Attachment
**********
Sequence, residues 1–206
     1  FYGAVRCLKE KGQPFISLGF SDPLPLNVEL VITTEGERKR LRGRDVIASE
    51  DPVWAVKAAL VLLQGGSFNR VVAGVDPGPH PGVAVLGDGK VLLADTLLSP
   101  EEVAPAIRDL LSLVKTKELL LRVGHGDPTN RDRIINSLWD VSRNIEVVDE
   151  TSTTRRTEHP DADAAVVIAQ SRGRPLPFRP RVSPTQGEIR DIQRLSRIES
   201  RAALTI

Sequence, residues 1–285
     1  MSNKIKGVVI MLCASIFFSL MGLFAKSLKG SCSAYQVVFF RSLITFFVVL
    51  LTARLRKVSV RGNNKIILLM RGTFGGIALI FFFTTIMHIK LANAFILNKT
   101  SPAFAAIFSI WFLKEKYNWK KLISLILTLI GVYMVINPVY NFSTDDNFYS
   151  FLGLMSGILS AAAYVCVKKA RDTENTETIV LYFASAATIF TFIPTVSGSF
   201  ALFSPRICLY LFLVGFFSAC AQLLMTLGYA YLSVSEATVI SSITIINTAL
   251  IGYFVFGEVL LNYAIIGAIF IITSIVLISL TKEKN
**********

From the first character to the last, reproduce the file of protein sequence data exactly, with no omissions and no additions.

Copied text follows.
Sequence, residues 1–206
     1  FYGAVRCLKE KGQPFISLGF SDPLPLNVEL VITTEGERKR LRGRDVIASE
    51  DPVWAVKAAL VLLQGGSFNR VVAGVDPGPH PGVAVLGDGK VLLADTLLSP
   101  EEVAPAIRDL LSLVKTKELL LRVGHGDPTN RDRIINSLWD VSRNIEVVDE
   151  TSTTRRTEHP DADAAVVIAQ SRGRPLPFRP RVSPTQGEIR DIQRLSRIES
   201  RAALTI

Sequence, residues 1–285
     1  MSNKIKGVVI MLCASIFFSL MGLFAKSLKG SCSAYQVVFF RSLITFFVVL
    51  LTARLRKVSV RGNNKIILLM RGTFGGIALI FFFTTIMHIK LANAFILNKT
   101  SPAFAAIFSI WFLKEKYNWK KLISLILTLI GVYMVINPVY NFSTDDNFYS
   151  FLGLMSGILS AAAYVCVKKA RDTENTETIV LYFASAATIF TFIPTVSGSF
   201  ALFSPRICLY LFLVGFFSAC AQLLMTLGYA YLSVSEATVI SSITIINTAL
   251  IGYFVFGEVL LNYAIIGAIF IITSIVLISL TKEKN